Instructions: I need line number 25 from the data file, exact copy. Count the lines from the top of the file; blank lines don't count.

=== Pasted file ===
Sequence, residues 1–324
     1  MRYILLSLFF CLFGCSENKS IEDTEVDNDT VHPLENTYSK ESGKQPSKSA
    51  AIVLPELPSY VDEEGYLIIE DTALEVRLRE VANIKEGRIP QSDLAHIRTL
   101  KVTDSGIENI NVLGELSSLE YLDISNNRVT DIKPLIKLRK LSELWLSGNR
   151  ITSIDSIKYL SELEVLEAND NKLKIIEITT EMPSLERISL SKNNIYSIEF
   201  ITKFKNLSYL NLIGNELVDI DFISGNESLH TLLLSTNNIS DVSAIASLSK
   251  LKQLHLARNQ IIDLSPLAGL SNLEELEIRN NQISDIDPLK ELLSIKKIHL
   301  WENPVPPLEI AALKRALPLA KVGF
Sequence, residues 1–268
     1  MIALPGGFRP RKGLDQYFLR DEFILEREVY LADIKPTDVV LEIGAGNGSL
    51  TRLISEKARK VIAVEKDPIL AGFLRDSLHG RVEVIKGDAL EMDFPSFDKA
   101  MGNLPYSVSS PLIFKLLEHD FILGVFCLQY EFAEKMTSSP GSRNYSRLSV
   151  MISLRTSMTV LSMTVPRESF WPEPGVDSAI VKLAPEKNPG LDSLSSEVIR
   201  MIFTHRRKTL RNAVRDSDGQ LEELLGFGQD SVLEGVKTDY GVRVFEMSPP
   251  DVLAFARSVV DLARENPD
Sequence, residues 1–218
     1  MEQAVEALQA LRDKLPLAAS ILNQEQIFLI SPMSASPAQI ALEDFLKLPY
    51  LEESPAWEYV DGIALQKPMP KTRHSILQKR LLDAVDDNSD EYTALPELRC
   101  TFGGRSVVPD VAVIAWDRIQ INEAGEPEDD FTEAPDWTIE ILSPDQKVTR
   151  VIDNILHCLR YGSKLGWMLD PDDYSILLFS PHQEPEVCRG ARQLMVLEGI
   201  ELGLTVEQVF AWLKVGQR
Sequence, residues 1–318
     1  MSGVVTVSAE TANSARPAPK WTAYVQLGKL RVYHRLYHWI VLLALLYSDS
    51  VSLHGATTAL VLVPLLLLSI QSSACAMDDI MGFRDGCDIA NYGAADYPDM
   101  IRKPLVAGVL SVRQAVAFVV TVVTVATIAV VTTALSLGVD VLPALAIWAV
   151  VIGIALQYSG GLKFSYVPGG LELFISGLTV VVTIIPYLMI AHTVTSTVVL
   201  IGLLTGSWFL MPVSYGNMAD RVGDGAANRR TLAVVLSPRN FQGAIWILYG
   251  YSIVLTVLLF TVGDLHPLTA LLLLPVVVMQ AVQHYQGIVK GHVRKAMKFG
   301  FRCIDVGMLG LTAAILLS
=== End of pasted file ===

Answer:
   101  IRKPLVAGVL SVRQAVAFVV TVVTVATIAV VTTALSLGVD VLPALAIWAV